Then, when Ed sank a long putt for a birdie on the final hole, for the win, they gave each other the real thing:


Here they are with their trophy, along with Nulty’s brother, Clai, who caddied for both of them and probably could have managed a couple of other golf bags, too. The guy on the far right is Corey, our pro.


Corey has a daughter, who was also in the gallery. Her name is Olivia. She’s almost two:


Nothing to do now but wait till next year.


Member-Guest News (Part Four): The Return of Peter P.

Peter P. and Other Gene, 2013 Member-Guest. Photo by Vi Owens.

Peter P. and Other Gene, shootout, 2013 Men’s Member-Guest. Photo by Vi Owens.

A little over a year ago, Peter P. was in a terrible car accident. He was in intensive care at a big university hospital for weeks and weeks, and for a while his doctors worried that he wouldn’t walk again. He obviously couldn’t come along on our regular fall golf outing to Atlantic City, less than two months after the accident, so Reese and I made a life-size stand-in, called Flat Pete, using the color plotter in Reese’s office and a sheet of foamboard. One interesting thing we learned on the trip is that, if you want to make a favorable impression on female bartenders, it doesn’t hurt to be a half-inch thick:


Peter has made a slow but steady recovery since then. We’ve told him many times that we would make any conceivable accommodation to get him into our weekend game again, but he has said that he won’t come back to the Sunday Morning Group until he can play 18 holes without a cart. Many of us have seen him working toward that goal, on the course and on the range, using a 4-iron or his putter as a cane.


Peter did sign up for this year’s member-guest—maybe partly because hardly anyone walks during almost any part of it, on account of the beer-transport issue. At virtually the last minute, though, his guest backed out, for reasons too complicated to go into. Luckily, our pro and the golf committee were able to recruit Bob W., who was our superintendent for 40 years and still lives in a house behind the golf shop. Seeing Bob on the golf course was almost as mind-boggling as seeing Peter. Bob was the best golfer in the club for a very long time, but it’s been years since he played more than a few holes in one day, and it’s probably true that Peter is one of a very small number of people in the world who could have pulled him out of retirement. Here’s Bob with one of his crooked little cigars and the type of button-down shirt he always wears when he plays—or does anything else, for that matter:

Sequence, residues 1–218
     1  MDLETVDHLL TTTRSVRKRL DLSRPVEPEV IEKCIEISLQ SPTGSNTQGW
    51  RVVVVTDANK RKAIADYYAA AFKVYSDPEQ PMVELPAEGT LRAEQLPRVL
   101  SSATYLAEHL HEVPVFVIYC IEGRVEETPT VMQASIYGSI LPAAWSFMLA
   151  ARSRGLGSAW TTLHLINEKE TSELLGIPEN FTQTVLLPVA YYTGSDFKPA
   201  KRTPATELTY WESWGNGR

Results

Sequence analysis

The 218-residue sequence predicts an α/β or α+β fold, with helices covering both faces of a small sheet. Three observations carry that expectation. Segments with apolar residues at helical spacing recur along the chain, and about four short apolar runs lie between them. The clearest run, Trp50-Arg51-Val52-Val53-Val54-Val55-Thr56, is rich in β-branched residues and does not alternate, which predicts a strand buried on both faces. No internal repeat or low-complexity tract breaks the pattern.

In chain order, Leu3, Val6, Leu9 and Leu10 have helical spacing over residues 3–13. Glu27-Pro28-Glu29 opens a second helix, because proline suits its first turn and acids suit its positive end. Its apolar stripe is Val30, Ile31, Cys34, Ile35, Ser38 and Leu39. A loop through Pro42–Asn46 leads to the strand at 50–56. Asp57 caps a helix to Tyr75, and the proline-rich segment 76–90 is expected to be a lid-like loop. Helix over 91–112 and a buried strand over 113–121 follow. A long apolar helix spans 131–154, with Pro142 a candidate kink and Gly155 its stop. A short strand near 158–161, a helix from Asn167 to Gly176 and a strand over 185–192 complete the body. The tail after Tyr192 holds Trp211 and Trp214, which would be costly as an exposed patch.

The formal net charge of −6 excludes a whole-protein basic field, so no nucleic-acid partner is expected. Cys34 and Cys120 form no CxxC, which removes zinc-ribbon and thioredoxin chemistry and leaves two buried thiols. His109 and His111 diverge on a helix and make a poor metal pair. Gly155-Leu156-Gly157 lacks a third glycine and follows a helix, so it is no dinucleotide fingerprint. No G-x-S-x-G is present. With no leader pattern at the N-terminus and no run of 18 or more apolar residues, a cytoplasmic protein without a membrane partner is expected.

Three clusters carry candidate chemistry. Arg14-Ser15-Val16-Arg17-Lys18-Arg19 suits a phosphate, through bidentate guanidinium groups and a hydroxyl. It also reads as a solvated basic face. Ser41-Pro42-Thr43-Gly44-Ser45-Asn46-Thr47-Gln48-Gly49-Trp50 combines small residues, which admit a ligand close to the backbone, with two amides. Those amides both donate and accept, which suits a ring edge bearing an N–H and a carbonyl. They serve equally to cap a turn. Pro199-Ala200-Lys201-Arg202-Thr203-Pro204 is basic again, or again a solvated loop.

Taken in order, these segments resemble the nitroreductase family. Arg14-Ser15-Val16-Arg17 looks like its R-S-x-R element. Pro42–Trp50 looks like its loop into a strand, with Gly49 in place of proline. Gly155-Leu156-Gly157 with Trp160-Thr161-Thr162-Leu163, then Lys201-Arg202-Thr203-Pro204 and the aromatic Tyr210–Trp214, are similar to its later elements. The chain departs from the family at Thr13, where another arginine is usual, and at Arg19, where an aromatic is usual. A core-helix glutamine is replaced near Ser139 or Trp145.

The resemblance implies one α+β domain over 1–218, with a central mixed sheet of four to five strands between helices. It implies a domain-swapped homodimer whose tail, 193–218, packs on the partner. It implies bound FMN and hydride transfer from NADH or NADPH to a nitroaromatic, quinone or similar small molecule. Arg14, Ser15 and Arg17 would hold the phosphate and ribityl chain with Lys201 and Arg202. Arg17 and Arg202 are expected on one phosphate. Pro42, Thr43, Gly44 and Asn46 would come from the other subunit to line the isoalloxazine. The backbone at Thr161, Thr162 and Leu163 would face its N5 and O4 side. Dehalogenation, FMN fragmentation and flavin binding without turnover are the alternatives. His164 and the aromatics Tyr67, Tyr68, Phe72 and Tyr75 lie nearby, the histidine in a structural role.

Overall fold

Bob has always had a complicated relationship with the game. I wrote about him in Golf Digest in 2003, in an essay called “The Greenkeeper’s Tale.” One of the complications is his back, and another is his feelings about doctors. Once, he suffered an attack of kidney stones, a recurrent ailment of his. Diane, his wife, was out of town, and Bob stubbornly writhed on the floor of his living room all alone for several hours. When he could no longer tolerate the agony, he crawled to the telephone and called Ferris, who is a former chairman of our golf club. Ferris is the only member of the medical profession who has ever won Bob’s trust. When Bob’s back is really killing him, he will sometimes drive over to Ferris’s office and ask him to take a look. Ferris is a veterinarian. Among the records in the files at his animal hospital is a chart on which the name of the patient is listed as “Bob” and the name of the patient’s owner is listed as “Diane.” (On the night of the kidney-stone attack, Ferris took Bob to the emergency room of a hospital for people.) In the photo below, Bob and I are watching the putting contest from the patio above the practice green: